Hands up! Who’s guilty? ME!
Other people’s drama is a great distraction, sometimes, from our own problems. But when it came to Angie’s continuous drama and crises, it almost became an addiction for me, and I couldn’t walk away.
Not until I was so exhausted by it—and convinced that my involvement was helping no one—was I able to say “Enough” and walk away from the storm.
At a meeting a few years ago, a member said that when his daughter was actively using and threatening his well being in any number of ways, he envisioned himself on a life raft floating at a safe distance from her. Seeing her paddling toward them in a canoe, his wife yelled, “Paddle faster. She’s packing a chainsaw!”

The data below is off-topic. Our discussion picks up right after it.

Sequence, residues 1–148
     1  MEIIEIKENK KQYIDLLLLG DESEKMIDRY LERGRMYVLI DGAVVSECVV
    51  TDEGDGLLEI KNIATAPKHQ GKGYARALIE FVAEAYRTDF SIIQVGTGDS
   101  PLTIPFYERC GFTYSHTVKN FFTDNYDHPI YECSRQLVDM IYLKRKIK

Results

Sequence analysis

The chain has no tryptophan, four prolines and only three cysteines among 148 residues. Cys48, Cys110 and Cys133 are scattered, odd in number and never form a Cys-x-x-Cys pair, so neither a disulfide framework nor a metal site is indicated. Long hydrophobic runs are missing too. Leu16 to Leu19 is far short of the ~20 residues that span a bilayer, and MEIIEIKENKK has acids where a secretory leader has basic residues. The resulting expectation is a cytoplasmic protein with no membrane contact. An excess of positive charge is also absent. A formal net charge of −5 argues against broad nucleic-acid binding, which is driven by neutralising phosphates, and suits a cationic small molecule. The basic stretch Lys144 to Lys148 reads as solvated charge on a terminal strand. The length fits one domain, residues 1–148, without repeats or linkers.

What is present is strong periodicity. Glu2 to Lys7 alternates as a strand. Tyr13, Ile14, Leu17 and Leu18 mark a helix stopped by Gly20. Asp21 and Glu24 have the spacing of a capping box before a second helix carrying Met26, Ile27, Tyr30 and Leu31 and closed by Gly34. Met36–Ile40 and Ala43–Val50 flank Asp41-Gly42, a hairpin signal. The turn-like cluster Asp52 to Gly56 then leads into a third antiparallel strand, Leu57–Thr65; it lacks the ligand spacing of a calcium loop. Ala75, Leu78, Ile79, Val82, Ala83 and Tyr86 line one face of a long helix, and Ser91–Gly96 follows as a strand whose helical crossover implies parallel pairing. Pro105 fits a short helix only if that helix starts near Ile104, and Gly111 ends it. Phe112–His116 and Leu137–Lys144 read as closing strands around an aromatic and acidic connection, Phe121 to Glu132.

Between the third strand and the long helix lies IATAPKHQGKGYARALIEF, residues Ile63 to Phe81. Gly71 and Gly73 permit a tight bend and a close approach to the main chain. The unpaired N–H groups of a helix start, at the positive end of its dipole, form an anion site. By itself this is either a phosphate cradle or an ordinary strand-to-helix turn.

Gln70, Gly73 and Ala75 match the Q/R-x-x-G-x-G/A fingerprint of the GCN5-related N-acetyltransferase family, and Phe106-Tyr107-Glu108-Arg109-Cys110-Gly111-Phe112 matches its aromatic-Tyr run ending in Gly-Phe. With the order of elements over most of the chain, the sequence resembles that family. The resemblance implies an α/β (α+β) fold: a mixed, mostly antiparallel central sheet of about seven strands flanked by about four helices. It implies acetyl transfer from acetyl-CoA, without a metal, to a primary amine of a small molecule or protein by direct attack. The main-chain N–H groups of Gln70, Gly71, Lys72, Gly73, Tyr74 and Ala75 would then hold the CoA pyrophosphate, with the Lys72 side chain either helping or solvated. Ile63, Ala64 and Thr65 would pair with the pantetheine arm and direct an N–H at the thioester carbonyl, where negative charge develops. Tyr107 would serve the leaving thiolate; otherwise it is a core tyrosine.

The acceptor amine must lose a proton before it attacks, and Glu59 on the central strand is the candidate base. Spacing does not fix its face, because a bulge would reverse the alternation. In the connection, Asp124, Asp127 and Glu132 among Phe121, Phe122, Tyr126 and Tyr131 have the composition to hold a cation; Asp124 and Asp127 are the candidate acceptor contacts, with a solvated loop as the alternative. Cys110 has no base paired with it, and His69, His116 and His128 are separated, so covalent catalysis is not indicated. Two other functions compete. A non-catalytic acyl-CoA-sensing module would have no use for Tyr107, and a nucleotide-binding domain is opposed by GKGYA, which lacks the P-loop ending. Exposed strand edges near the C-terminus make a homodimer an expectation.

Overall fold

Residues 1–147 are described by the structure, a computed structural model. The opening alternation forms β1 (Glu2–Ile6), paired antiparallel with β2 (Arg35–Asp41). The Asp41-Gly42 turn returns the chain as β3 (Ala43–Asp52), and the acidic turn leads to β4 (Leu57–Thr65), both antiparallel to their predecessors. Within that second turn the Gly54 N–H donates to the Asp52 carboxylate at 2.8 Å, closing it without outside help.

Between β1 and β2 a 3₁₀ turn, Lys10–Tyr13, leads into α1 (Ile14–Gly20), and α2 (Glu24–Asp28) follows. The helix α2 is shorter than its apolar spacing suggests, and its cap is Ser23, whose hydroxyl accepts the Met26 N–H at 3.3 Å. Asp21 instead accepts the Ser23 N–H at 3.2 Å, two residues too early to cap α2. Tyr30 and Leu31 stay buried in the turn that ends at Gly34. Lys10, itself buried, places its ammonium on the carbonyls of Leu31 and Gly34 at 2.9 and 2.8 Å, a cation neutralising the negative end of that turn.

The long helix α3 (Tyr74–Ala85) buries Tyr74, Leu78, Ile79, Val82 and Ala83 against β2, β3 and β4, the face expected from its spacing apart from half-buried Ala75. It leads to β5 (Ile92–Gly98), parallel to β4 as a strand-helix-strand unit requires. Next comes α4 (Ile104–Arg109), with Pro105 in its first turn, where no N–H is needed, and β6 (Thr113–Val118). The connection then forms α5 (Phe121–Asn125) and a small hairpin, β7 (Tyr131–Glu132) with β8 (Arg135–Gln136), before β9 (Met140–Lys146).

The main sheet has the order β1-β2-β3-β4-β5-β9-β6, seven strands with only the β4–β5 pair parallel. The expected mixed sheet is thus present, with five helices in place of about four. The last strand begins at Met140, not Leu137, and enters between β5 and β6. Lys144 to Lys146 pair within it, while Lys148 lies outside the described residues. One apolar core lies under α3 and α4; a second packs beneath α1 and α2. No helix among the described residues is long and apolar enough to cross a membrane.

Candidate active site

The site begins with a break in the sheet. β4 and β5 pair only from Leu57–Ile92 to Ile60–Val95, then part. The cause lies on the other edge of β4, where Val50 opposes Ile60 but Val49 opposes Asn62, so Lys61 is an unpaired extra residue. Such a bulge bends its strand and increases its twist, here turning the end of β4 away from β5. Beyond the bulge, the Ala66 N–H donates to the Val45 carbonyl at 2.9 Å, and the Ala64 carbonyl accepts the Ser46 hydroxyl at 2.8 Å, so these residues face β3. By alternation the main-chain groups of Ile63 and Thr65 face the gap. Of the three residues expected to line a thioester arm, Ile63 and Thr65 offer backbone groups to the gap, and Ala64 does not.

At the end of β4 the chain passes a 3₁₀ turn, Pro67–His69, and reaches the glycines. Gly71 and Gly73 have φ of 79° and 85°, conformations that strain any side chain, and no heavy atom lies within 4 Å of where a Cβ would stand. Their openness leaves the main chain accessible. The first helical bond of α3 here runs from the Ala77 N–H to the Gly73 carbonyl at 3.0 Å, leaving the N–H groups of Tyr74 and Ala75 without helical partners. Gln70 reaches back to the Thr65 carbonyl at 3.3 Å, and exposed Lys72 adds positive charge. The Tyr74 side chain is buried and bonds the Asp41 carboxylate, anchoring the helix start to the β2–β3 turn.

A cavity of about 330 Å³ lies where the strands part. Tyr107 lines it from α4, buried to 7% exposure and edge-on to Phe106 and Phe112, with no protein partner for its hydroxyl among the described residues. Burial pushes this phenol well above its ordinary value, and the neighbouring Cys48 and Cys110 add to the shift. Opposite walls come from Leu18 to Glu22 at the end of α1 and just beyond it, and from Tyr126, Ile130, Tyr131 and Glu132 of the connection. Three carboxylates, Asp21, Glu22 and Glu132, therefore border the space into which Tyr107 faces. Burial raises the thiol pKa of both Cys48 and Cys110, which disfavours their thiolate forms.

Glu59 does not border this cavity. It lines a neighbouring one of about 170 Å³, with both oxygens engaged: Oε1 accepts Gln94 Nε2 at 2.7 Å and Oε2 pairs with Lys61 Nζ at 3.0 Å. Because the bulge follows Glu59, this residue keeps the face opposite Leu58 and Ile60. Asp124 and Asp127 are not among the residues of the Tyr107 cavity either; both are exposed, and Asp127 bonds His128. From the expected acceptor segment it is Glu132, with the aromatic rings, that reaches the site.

Not everyone has so much drama and/or danger from the addict in their life. But some of us do; some of us need to protect ourselves from the stranger we don’t recognize anymore. And for those of us who need to detach (with love) and walk away, it is an important act of self-affirmation and love. When we take care of ourselves, we remain strong for the others in our life—and even for our addict—if the day we pray for comes and he/she finds recovery—and comes out of the storm.